It was on the 9th of July that the admiralty re- British ceived intelligence of the havoc which these three sent in french frigates had been committing upon the fish- pursuit eries. Immediately the 18-pounder 36-gun frigate french Phoebe, captain James Oswald, and 12-pounder 32- squagun frigate Thames, captain Brydges Watkins Taylor, lying in Leith roads, were directed to proceed off the Shetland isles ; and the 38-gun frigate Blanche, captain Thomas Lavie, then at anchor in the Downs, was ordered, by telegraph, to hasten to Yarmouth roads. When here, captain Lavie received orders to follow and take under, his command the Phoebe and Thames, and with them endeavour to discover and capture M. Leduc and his squadron.

On the 10th, in the afternoon, the Blanche sailed from Yarmouth roads, and, on the 13th, was at the rendezvous; but the Phæbe and Thames, having ascertained that one of the frigates had parted from



1806, her two consorts, had since proceeded in search of July. the latter. After remaining three days off the Shet

land isles, the Blanche received intelligence, that the Guerrière had been seen alone off the Faro isles,

where she had captured and burnt several english Blanche ships. The Blanche immediately made sail towards Guer- the spot, and on the 18th, at 10 h. 30 m. A. M., saw

from her mast-head, in the east-north-east quarter, the object of her search, standing upon a wind in a direction towards herself. The Guerrière had intended to go into Drontheim in Norway, to land her prisoners and procure a supply of water; but, when off the port, a pilot-boat communicated some intelligence that induced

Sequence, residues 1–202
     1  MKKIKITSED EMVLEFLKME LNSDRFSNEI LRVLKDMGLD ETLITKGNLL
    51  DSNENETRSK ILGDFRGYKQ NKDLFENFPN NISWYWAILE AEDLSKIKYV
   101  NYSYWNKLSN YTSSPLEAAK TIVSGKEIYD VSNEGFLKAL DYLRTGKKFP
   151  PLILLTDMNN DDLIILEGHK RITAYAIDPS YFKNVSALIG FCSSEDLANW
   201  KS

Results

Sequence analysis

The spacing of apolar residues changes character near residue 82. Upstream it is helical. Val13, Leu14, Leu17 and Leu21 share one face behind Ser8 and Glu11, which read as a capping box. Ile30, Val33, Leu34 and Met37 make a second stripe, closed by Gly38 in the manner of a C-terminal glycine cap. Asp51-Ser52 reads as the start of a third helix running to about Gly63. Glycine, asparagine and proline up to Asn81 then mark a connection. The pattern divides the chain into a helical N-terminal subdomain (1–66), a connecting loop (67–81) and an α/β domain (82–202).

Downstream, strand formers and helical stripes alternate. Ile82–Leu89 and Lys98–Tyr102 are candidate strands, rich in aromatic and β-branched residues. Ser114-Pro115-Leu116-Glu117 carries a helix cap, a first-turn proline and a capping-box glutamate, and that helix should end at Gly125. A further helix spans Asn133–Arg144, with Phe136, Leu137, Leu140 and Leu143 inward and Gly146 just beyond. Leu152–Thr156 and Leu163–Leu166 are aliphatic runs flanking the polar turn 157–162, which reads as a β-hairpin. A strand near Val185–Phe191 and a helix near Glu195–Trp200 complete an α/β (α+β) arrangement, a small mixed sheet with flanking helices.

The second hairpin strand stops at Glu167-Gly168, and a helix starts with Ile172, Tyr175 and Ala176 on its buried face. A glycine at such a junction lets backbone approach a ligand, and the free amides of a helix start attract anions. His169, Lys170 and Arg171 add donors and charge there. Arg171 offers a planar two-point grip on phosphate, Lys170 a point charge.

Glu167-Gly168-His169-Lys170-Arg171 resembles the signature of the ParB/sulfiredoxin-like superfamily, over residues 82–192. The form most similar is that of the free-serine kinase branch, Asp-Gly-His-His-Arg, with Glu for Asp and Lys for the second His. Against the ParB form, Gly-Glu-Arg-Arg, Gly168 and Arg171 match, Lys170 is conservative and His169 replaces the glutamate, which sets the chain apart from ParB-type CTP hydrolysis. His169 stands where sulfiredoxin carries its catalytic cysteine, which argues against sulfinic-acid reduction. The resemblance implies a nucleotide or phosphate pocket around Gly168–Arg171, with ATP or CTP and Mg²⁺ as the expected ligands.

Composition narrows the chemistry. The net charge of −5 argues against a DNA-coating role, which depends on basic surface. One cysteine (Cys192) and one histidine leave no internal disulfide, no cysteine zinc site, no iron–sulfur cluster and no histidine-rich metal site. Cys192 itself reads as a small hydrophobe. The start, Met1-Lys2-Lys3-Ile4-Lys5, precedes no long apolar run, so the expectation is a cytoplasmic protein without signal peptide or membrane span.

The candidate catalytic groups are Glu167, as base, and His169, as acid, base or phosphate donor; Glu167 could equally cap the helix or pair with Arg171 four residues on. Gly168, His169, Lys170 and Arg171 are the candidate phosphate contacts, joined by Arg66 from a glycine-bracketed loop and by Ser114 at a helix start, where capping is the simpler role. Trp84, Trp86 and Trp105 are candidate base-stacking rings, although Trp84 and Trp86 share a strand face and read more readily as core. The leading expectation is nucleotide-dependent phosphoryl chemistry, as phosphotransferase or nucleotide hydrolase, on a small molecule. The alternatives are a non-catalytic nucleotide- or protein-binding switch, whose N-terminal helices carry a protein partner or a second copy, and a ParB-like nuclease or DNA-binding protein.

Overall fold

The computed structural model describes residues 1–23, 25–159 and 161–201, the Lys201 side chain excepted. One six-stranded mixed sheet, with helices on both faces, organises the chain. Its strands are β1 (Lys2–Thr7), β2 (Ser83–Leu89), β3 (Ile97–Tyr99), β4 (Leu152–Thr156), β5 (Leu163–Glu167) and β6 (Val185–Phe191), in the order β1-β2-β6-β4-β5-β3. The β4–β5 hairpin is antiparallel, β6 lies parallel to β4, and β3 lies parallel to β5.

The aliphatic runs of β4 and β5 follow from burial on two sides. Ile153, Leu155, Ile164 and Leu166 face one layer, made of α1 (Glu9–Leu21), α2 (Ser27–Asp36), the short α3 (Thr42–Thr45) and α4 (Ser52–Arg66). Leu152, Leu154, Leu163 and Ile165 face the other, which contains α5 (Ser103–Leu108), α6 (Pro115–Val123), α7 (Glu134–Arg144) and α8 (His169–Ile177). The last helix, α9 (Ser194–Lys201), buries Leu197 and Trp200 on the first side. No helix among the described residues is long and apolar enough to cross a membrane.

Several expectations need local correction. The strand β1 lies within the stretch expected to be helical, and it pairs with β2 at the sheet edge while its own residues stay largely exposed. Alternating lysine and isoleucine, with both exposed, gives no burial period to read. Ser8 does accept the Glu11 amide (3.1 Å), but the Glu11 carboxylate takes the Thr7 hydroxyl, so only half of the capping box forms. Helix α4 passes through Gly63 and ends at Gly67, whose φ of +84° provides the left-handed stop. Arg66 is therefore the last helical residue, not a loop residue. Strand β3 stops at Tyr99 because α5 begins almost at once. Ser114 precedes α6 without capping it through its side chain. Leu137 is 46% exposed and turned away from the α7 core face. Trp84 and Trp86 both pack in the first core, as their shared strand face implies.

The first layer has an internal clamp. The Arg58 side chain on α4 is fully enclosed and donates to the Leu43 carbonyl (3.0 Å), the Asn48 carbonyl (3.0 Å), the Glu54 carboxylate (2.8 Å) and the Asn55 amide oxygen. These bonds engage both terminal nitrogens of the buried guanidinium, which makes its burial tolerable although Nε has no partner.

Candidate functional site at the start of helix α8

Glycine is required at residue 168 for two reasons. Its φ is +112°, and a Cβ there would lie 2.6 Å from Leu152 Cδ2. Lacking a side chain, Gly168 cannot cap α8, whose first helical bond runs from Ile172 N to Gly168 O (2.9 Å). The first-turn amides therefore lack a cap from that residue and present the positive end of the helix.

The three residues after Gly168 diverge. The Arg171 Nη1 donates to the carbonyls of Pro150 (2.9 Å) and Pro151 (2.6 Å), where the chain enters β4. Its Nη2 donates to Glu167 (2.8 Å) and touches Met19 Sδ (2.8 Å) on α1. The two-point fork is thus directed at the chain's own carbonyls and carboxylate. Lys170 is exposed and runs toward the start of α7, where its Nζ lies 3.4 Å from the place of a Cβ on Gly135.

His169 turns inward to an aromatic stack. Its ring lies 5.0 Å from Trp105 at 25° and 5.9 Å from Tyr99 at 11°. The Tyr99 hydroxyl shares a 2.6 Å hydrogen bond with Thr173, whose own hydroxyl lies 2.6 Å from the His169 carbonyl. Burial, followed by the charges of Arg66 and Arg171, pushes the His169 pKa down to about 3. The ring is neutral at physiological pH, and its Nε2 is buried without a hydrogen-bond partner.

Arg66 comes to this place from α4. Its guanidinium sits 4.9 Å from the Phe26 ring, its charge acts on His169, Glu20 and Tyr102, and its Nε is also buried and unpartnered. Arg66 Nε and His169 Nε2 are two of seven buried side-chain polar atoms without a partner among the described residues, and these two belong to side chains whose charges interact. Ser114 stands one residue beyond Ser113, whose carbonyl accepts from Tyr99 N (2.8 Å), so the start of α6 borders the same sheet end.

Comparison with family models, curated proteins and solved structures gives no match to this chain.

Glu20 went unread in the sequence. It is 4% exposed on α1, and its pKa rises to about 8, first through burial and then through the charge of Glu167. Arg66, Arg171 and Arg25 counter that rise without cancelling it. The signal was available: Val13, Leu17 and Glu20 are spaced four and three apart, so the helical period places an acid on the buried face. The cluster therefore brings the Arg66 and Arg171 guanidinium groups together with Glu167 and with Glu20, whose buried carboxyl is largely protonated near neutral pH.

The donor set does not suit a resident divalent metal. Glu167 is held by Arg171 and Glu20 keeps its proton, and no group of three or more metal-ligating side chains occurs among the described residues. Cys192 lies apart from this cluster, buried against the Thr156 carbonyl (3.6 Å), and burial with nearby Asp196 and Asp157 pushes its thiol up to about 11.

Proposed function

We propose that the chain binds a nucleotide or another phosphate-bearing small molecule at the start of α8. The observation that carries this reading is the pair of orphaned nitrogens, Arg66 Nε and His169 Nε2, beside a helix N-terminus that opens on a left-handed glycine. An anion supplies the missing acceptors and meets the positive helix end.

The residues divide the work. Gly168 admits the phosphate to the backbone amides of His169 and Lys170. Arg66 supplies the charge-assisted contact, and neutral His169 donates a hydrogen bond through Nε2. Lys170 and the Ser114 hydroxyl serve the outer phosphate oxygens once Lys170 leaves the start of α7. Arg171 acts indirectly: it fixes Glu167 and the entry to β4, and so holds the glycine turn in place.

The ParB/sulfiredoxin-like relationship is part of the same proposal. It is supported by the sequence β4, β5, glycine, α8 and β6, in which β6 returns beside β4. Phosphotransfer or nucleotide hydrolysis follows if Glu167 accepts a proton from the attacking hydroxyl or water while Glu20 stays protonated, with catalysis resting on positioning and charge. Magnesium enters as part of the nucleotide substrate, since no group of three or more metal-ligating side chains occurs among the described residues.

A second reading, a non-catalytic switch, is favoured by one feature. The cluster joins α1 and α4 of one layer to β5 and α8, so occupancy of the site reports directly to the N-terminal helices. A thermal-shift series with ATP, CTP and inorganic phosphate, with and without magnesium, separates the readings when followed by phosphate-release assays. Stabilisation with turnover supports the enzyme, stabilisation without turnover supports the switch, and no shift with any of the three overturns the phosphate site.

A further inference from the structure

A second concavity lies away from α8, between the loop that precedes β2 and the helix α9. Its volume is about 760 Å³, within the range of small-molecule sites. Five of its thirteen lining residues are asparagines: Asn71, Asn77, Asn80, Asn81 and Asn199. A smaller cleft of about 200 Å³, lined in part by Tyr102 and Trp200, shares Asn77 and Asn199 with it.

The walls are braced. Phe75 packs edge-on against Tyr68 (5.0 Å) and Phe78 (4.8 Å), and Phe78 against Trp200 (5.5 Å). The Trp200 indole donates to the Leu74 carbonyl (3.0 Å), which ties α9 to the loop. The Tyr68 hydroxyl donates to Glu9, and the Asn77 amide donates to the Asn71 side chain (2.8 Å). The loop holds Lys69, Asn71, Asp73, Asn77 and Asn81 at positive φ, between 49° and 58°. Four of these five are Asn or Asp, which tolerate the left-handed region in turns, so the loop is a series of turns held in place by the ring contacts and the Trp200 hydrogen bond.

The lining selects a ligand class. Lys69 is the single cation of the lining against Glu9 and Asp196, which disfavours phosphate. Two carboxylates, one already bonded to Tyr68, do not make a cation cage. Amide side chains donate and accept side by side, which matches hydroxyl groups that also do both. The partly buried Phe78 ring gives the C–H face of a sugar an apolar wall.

her to put about and steer for the island of North-Faro, of which she was within a few hours' sail when fallen in with by the Blanche. The mounted force of the two frigates may here be introduced. The quarterdeck and forecastle guns of the Blanche were 16 carronades, 32-pounders, fitted upon the non-recoil principle, and two long 12-pounders ; making her total of guns 46. The Guerrière, in addition to the maindeck force of her class, mounted two brass 36-pounder carronades in the bridle-ports, and two others, and eight iron ones of the same caliber, with 10. long 8-pounders, on her quarterdeck and forecastle; total 50 guns.

At noon the Blanche bore up under alì sail, with a light breeze from the south-west; but the Guerrière, as if mistaking the Blanche for one of her consorts, continued to stand on until 3 P. M., when she also bore up, spreading all her canvass. The superior sailing of the Blanche enabled her to gain rapidly in the chase, and at about 45 minutes past midnight the british frigate opened her fire, pouring

into her antagonist two whole broadsides before the Action latter returned a shot. A warm action now commences menced, one ship pointing her guns chiefly at the

hull, the other at the rigging. Still the Blanche maintained her position in the chase, and at. 1 h. 30 m. A. M. on the 19th compelled the Guerrière,


whose mizen topmast had previously fallen, to haul 1806. down her colours.